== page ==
I heard in the Wakefield by-election how my opponent claimed that the improvement in employment in the woollen textile trade was due to the imposition of duties, and I remember how he quoted speeches of the Parliamentary Secretary to the Board of Trade, who claimed that it was due to the policy of the Government. The only policy of the Government was their Abnormal Import Duties, and the truth is that at the date when this country went off the Gold Standard there were in the woollen textile industry nearly 85,000 people unemployed. The figure on 21st December, which was the date nearest that when we went on to tariffs and when we were still off the Gold Standard, show that the reduction of unemployment was very considerable. There were only 39,000 people unemployed. On 21st March there was still nearly 37,000 unemployed. I am prepared to argue that in the three months during which tariffs were operating that was due to our going off the Gold Standard, but I will give my opponents that. The point is that for every 16 persons now employed in the woollen textile industry, 15 are employed because we went off the Gold Standard, and only one because we went on tariffs. In other words, the Government are claiming the credit for going off the Gold Standard, the very thing they came into existence to avoid. That is generally true of other trades. A letter in the "Times" yesterday showed that at least nine-tenths of any improvement there has been is due to the very thing this Government sat up night and day to prevent, the abandonment of the pound. One Sunday, when they were not looking, we lost the pound, and they claim credit for the result of their inactivity.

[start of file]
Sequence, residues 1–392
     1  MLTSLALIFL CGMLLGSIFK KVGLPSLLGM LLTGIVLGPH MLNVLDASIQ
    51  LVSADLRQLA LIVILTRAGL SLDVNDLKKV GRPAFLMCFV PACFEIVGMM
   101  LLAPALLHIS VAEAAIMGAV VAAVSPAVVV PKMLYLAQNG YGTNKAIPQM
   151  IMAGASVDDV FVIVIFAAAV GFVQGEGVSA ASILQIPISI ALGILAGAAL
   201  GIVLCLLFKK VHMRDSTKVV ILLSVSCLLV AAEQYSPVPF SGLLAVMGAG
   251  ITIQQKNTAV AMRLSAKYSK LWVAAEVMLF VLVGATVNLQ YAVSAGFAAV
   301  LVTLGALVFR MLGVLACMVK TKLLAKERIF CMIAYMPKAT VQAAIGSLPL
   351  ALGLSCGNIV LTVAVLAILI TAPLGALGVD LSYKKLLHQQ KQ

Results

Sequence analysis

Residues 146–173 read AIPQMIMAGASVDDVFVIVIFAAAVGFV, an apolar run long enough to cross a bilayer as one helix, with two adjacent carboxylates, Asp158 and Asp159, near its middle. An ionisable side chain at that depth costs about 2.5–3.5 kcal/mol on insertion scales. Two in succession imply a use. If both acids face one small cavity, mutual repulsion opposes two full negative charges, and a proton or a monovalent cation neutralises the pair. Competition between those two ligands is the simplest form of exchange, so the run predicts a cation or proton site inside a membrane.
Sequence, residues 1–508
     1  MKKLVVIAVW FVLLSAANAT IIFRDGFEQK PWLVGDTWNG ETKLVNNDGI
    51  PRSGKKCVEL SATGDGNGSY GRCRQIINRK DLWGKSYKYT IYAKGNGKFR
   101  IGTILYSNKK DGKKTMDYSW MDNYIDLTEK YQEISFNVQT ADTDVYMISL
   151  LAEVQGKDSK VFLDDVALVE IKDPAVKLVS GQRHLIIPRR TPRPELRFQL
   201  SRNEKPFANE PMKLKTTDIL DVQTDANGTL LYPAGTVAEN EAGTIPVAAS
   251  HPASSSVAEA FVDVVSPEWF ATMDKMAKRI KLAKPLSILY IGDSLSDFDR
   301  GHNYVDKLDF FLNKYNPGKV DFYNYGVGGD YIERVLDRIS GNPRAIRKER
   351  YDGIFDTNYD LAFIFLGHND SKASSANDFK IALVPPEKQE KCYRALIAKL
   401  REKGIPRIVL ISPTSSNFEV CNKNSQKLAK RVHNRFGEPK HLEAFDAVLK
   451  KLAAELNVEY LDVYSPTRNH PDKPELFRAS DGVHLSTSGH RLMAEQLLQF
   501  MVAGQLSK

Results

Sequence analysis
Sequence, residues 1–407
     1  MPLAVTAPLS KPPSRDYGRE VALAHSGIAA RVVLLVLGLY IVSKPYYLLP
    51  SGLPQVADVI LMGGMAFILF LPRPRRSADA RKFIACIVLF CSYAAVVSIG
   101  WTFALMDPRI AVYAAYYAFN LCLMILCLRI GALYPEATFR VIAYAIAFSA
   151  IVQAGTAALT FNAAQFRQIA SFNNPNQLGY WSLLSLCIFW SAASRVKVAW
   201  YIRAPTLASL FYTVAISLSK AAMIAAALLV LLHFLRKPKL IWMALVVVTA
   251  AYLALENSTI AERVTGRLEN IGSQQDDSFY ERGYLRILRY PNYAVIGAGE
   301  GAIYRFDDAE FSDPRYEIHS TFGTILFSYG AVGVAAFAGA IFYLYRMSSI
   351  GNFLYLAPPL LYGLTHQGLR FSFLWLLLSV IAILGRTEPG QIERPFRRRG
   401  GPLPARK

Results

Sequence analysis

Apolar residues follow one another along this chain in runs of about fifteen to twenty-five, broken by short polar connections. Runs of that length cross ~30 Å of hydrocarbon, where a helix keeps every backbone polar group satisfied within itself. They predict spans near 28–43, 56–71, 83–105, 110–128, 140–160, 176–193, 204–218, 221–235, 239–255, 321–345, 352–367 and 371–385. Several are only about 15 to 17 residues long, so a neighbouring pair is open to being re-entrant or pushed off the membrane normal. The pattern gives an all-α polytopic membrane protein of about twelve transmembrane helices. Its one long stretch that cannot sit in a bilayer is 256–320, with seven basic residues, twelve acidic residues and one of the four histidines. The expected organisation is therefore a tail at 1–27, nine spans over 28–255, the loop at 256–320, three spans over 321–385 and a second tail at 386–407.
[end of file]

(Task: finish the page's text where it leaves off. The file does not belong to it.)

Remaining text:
Behind the big economic problems that affect the world is one that affects this country, and that is the question of inefficiency and disorganisation. The Chancellor of the Exchequer said this afternoon that we on this side were assuming the general inefficiency of industry. In a sense that is true, but that does not mean that we assume inefficiency on the part of all individual firms. What we do say, and it cannot be denied, is that in industry after industry there is inefficiency which can be eradicated, which ought to be eradicated, which is not being eradicated, and which tariffs will not touch. That is the case with iron and steel. We were told by the Chancellor of the Exchequer this afternoon that efficiency cannot be made a condition of tariffs. If it cannot, the last argument for tariffs has gone to pieces. Iron and steel is a case where, clearly, there ought to be drastic and far-reaching reorganisation. We are going to give them, abnormally, 33⅓ per cent., which has been shown in the House today to be perfectly useless. There have been times in the last two years when a duty of 100 per cent. would not have wrested the iron and steel industry from its difficulties. It is reorganisation which is required, and that is not going to come out of tariffs.